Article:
Definitions

from The American Heritage® Dictionary of the English Language, 4th Edition

  • adj. Having two heads or points of origin, as a muscle.
  • adj. Of or relating to a biceps.

from Wiktionary, Creative Commons Attribution/Share-Alike License

  • adj. Of or pertaining to a biceps.
  • adj. Having two heads or points of origin.

from the GNU version of the Collaborative International Dictionary of English

  • adj.
  • adj. Having two heads or origins, as a muscle.
  • adj. Pertaining to a biceps muscle.
  • adj. Dividing into two parts at one extremity; having two heads or two supports.

from The Century Dictionary and Cyclopedia

  • Having two heads; two-headed.
  • In anatomy: Having two heads or origins, as a muscle. See biceps, Pertaining to the biceps muscles.
  • In botany, dividing into two parts at the top or bottom. Also bicipitous.

from WordNet 3.0 Copyright 2006 by Princeton University. All rights reserved.

  • adj. having two heads or points of origin as a biceps

Etymologies

From Latin biceps, bicipit-, two-headed; see biceps.
(American Heritage® Dictionary of the English Language, Fourth Edition)
From Latin biceps ("double-headed"). (Wiktionary)

Examples

  • Short head: coracoid process of scapula with coracobrachialis INSERTION posterior border of bicipital tuberosity of radius over bursa and bicipital aponeurosis to deep fascia and subcutaneous ulna

    Archive 2009-01-01

  • In some instances lameness is mixed as in joint ailments, involvement of the bicipital bursa (bursa intertubercularis), etc. In affections of the extremity there exists supporting leg lameness.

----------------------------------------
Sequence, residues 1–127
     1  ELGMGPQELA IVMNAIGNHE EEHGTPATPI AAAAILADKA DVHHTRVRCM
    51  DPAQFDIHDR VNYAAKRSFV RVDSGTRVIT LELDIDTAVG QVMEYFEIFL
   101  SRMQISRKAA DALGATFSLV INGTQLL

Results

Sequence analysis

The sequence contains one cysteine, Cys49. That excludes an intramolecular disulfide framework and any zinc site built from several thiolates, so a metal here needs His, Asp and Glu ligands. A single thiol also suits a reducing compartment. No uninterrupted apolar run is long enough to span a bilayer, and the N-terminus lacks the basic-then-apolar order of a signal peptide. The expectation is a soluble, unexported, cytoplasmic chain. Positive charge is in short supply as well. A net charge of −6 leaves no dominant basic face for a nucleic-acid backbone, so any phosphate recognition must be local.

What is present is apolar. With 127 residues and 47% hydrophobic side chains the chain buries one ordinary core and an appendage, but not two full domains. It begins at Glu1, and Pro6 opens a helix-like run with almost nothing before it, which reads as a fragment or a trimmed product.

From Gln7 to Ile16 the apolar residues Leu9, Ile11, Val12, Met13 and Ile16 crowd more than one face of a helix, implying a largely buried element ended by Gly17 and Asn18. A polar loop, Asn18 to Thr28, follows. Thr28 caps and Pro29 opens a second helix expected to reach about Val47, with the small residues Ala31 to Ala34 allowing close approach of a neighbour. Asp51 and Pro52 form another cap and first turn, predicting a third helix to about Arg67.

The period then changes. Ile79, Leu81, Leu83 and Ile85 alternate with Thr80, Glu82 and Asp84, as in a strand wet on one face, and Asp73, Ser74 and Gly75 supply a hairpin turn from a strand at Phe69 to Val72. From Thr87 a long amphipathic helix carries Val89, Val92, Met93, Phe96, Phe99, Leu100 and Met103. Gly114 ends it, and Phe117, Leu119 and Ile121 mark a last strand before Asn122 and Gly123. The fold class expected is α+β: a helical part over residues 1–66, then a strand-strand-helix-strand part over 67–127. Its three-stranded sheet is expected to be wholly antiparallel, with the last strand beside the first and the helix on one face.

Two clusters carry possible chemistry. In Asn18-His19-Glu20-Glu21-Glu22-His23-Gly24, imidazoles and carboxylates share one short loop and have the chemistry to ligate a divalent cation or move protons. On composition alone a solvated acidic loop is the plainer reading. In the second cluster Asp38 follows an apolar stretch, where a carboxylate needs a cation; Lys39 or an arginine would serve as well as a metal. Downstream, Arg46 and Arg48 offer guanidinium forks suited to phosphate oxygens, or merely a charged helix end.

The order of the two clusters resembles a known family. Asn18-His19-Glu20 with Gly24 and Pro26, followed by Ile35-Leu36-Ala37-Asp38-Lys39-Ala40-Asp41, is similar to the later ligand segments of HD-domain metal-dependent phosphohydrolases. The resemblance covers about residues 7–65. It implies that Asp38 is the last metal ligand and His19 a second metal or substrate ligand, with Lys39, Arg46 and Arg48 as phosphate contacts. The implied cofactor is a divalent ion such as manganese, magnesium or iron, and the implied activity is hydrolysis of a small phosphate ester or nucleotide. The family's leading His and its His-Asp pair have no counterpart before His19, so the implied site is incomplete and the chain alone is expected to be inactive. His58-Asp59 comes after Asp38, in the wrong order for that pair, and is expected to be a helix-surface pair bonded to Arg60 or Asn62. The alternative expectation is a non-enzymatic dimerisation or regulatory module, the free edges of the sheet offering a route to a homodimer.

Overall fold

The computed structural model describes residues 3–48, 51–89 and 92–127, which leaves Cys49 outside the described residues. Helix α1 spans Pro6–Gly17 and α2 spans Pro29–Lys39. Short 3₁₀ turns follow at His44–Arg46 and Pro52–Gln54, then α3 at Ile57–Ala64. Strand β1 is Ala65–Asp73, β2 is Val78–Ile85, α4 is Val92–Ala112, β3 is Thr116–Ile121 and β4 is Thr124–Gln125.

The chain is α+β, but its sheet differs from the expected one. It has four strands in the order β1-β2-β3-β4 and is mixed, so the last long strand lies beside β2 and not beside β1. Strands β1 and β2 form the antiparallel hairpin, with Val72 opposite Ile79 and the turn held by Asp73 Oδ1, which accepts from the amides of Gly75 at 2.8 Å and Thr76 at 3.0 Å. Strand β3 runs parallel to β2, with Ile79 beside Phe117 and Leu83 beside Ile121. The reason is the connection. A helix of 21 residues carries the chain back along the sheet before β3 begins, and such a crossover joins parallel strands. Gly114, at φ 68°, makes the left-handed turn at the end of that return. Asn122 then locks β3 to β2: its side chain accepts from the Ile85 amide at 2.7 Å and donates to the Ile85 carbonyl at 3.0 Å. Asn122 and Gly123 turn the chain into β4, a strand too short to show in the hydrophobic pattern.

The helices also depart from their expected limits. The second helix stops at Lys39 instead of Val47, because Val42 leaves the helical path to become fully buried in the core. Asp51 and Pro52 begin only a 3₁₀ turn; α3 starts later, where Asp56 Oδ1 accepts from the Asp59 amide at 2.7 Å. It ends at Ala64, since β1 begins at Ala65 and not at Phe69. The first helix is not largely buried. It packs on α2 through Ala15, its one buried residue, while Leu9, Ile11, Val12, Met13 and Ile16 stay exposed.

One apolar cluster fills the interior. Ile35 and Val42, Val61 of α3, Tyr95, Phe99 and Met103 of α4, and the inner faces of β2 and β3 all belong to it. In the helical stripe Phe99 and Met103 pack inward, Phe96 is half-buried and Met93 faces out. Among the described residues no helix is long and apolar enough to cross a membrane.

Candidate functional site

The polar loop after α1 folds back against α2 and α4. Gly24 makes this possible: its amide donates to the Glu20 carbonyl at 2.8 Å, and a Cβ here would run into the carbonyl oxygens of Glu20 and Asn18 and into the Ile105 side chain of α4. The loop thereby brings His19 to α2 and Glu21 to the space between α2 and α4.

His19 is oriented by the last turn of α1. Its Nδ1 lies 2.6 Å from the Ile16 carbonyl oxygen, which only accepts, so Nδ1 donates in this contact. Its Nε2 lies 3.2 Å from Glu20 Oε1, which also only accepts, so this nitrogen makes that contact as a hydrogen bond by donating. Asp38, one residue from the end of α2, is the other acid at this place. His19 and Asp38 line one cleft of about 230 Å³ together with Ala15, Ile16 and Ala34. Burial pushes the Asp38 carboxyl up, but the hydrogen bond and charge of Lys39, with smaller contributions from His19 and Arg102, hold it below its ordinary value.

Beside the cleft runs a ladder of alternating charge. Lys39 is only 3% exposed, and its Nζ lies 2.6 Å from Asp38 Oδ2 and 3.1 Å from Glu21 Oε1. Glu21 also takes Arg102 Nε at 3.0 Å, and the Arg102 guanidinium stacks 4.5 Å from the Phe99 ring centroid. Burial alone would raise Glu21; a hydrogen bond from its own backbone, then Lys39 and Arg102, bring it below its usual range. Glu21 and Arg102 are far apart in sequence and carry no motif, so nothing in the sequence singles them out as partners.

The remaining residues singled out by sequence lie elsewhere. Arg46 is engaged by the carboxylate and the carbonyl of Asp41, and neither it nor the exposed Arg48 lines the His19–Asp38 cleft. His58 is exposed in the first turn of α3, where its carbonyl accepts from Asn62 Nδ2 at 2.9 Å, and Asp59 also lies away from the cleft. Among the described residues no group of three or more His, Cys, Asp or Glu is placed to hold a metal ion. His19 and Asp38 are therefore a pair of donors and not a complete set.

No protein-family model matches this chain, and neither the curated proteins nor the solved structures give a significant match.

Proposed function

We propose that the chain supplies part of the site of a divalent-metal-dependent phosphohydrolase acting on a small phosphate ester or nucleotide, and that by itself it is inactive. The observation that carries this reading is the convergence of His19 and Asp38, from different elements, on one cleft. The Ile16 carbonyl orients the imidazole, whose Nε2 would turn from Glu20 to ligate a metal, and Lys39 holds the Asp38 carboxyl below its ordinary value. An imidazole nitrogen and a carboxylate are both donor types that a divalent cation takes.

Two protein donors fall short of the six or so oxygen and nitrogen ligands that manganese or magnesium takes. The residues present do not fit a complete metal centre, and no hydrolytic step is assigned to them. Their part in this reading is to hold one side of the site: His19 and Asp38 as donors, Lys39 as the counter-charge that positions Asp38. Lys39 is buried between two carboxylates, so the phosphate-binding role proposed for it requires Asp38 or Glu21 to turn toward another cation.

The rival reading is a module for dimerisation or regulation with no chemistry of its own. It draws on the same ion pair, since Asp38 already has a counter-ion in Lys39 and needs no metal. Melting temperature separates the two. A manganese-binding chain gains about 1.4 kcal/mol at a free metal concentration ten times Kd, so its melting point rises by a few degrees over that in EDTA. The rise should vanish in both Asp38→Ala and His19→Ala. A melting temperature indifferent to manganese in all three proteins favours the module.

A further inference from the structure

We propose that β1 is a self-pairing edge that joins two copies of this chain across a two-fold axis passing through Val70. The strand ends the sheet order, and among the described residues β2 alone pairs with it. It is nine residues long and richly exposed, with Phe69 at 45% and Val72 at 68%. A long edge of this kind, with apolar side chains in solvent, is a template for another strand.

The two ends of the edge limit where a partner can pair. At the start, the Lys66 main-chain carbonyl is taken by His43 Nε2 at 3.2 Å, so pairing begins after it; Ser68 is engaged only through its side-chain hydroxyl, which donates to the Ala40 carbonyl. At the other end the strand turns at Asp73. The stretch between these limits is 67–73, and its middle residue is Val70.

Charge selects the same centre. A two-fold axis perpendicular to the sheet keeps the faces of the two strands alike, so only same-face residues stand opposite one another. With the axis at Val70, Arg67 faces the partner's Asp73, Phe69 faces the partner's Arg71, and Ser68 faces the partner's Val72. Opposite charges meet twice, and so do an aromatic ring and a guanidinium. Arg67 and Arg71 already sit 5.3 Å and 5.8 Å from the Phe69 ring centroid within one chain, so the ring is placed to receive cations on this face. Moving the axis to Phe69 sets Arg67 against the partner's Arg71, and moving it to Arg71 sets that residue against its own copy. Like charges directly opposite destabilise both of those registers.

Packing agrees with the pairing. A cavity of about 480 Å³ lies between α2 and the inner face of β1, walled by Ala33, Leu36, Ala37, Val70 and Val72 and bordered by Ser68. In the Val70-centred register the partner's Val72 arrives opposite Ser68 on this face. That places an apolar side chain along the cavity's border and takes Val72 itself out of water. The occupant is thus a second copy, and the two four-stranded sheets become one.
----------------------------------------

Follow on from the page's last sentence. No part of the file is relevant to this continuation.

Lameness of the Horse Veterinary Practitioners' Series, No. 1

  • Chronic inflammation of the bicipital bursa is occasionally met with wherein both members are affected.

    Lameness of the Horse Veterinary Practitioners' Series, No. 1

  • -- Because of the exposed position of the bicipital bursa (bursa-intertubercularis) it is occasionally injured.

    Lameness of the Horse Veterinary Practitioners' Series, No. 1

  • It is to be noted that the tendon of the biceps brachii (flexor brachii) is always involved in cases of inflammation of the bicipital bursa, and according to the late Dr. Bell [8] strain of the biceps brachii is a frequent cause of lameness in city horses, more frequent than is generally supposed.

    Lameness of the Horse Veterinary Practitioners' Series, No. 1

  • On the bicipital border of the vein is seen the internal cutaneous nerve; on the tricipital border is the nerve of

    Surgical Anatomy

  • As it descends through the arm, it lies at first lateral to the brachial artery; about the level of the insertion of the Coracobrachialis it crosses the artery, usually in front of, but occasionally behind it, and lies on its medial side at the bend of the elbow, where it is situated behind the lacertus fibrosus (bicipital fascia), and is separated from the elbow-joint by the Brachialis.

    IX. Neurology. 6b. The Anterior Divisions

  • —The artery is superficial throughout its entire extent, being covered, in front, by the integument and the superficial and deep fasciæ; the lacertus fibrosus (bicipital fascia) lies in front of it opposite the elbow and separates it from the vena mediana cubiti; the median nerve crosses from its lateral to its medial side opposite the insertion of the Coracobrachialis.

    VI. The Arteries. 4b. 2. The Brachial Artery

  • Its lips are called, respectively, the crests of the greater and lesser tubercles (bicipital ridges), and form the upper parts of the anterior and medial borders of the body of the bone.

    II. Osteology. 6a. 3. The Humerus

  • The tubercles are separated from each other by a deep groove, the intertubercular groove (bicipital groove), which lodges the long tendon of the Biceps brachii and transmits a branch of the anterior humeral circumflex artery to the shoulder-joint.

    II. Osteology. 6a. 3. The Humerus

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